It took the FBI 142 body bags to haul away ten tons of human remains.
A woman's head sewn onto a man's body -- mounted and hung on a wall -- was just one of the gruesome discoveries in a raid on an Arizona science facility.
FBI agents found buckets of limbs, coolers filled with male genitalia and dismembered torsos piled on top of each other with no identification littered throughout Biological Resource Center, according to a lawsuit.
Some 33 plaintiffs are suing the now-closed facility, claiming they were duped into donating loved-ones' remains for scientific research, when in fact the body parts were being sold for profit.
Phoenix FBI special agent Mark Cwynar described the "various unsettling scenes" he witnessed during the 2014 raid, AZ Central reported.
He described finding a bucket of heads, arms and legs, and "pools of human blood and bodily fluids were found on the floor of the freezer."
They also found "infected heads", and most disturbingly of all, mismatched body parts sewn together "like Frankenstein".
In an earlier report by Reuters examining America's body trade, it claimed agents discovered ten tons of frozen human remains – 1,755 total body parts that included 281 heads, 241 shoulders, 337 legs and 97 spines.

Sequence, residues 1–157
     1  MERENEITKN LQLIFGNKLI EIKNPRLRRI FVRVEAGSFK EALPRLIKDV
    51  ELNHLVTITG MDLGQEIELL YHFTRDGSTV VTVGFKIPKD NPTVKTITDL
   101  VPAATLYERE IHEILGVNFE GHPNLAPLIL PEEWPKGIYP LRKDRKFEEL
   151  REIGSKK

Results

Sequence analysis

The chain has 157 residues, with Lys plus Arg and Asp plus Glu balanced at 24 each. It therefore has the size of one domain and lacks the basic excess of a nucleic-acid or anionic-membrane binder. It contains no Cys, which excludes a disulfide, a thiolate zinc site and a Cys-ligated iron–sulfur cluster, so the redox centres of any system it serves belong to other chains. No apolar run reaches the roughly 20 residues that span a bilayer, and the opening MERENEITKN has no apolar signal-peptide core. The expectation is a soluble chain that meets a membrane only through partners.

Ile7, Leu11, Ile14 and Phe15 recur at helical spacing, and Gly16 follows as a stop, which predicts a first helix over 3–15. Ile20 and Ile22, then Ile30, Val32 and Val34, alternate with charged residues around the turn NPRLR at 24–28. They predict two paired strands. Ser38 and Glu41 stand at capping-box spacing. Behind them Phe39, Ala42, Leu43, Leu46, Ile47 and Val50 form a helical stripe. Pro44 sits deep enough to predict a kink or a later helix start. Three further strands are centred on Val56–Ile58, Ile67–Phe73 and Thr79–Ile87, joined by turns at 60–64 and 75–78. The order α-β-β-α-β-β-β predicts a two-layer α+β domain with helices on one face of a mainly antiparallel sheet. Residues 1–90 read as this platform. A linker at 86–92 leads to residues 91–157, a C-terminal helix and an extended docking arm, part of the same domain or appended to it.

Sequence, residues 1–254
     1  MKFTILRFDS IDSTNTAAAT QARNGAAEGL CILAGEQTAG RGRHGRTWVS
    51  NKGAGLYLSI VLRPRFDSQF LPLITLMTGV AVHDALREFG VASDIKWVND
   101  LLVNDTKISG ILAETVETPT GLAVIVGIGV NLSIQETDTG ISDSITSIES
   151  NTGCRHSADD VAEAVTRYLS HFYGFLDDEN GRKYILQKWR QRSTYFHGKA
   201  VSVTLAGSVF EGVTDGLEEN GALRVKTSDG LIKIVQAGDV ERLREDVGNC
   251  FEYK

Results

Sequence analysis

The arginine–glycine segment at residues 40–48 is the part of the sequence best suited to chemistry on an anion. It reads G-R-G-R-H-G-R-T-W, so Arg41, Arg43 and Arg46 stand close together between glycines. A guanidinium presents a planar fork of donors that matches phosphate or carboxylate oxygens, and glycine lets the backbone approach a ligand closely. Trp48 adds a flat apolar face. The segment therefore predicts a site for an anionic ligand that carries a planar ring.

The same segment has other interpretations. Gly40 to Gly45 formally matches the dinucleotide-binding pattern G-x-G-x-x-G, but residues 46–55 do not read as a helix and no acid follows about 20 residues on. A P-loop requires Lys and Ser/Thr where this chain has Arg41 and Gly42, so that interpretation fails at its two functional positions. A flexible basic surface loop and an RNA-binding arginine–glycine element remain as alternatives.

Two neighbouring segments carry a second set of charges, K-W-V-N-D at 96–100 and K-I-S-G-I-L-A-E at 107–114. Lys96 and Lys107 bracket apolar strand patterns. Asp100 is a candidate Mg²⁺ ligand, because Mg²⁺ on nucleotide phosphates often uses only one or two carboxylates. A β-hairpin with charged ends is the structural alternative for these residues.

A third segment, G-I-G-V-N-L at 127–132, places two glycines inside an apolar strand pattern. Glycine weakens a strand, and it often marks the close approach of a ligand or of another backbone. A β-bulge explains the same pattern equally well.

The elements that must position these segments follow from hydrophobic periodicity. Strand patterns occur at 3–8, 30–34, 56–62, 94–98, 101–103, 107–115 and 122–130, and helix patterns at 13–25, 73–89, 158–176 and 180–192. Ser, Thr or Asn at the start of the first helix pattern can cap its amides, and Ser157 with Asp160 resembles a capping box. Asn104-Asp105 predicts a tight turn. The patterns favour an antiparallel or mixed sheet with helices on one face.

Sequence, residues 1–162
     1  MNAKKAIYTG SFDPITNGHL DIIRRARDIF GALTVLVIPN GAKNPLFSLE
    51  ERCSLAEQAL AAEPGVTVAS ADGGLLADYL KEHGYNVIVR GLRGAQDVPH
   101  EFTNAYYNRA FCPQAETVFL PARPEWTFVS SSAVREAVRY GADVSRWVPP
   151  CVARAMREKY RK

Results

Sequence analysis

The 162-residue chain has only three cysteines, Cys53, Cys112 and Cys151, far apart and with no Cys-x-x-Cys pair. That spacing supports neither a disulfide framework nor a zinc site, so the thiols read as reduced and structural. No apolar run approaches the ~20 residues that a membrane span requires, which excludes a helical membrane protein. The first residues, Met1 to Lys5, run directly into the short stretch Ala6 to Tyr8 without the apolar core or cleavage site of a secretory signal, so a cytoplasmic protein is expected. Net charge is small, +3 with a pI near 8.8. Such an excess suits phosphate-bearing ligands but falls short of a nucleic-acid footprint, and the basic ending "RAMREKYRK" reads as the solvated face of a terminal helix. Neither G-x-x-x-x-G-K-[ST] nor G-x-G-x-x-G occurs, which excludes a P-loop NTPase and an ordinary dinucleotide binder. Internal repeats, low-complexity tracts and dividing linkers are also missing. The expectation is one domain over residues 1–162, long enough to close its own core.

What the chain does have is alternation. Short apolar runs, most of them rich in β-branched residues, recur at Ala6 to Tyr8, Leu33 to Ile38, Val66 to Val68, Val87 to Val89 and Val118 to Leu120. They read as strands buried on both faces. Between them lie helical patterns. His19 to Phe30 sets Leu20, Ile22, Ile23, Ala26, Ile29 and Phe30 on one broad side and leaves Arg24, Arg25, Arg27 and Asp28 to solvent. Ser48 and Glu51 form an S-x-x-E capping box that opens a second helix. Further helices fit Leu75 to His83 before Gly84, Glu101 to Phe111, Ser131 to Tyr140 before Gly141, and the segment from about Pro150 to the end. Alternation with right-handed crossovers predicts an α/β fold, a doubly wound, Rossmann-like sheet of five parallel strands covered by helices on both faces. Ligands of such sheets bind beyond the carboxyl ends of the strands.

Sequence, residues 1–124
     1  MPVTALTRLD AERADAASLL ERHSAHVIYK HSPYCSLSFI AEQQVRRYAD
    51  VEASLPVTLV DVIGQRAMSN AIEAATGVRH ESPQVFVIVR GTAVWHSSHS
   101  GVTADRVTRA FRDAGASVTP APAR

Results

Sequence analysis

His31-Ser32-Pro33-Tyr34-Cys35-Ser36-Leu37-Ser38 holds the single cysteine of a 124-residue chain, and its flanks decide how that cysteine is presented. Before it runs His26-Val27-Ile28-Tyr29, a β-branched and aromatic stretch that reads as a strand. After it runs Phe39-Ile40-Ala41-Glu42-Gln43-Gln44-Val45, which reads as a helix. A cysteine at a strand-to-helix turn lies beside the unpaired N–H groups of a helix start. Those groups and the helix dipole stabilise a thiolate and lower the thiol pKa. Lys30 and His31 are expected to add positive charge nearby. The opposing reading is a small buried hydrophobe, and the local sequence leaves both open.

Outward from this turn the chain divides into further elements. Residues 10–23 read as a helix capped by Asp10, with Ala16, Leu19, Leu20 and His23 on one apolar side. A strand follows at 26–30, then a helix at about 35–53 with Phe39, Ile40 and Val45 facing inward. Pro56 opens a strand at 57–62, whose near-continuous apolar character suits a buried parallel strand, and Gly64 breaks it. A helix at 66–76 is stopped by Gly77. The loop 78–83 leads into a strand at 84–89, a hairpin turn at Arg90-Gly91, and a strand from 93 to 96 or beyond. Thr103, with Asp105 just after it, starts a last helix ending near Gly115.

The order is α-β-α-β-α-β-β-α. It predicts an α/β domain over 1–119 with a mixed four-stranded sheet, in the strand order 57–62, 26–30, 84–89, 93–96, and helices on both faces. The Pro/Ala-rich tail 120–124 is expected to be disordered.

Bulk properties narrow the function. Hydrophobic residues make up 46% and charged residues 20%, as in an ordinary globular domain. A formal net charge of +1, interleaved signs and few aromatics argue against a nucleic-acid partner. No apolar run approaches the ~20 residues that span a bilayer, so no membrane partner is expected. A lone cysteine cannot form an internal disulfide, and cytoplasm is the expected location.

It took 142 body bags to haul away the remains, with one sack containing parts from at least 36 different people.
The civil lawsuit names former and owner founder Stephen Gore, who pleaded guilty in 2015 for providing vendors with contaminated specimens. He was sentenced to one year deferred jail time, four years probation and forced to pay $121,000 in restitution.
According to Reuters, BRC sold some of the bodies to the military, for use in experiments and destructive tests.
One widow who was persuaded to part with her husband's remains said the company took advantage of those who couldn't afford the expense of death, by offering free transportation services to pick up the body, plus free cremation.
"They prey on people that have no money, that are poor, that have no insurance – like us," Dona Patrick said.
The body part industry is unregulated in Arizona; it passed a law in 2017 requiring body donation companies to have a state license, but it has yet to be implemented or enforced.
As part of its investigation, Reuters also spoke to an college intern who worked at BRC, who described decapitating an elderly lady with "what looked and sounded like a chainsaw from Home Depot" — without any formal training or instruction.
"It wasn't a full-on chainsaw like you would see in a horror movie, but it was a smaller version," ASU junior Emily Glynn said. "And then I just went for it. I was expecting lots of blood but there wasn't much to it. It came right off."
The nutrition major said on her very first day there, she was asked to pull fingernails off donors using pliers.
"I don't want to say it was barbaric, but it was weird," she said. "One day, I found myself holding the hand of a 70-year-old woman and felt like I needed to apologize to her, to say, 'I'm sorry'."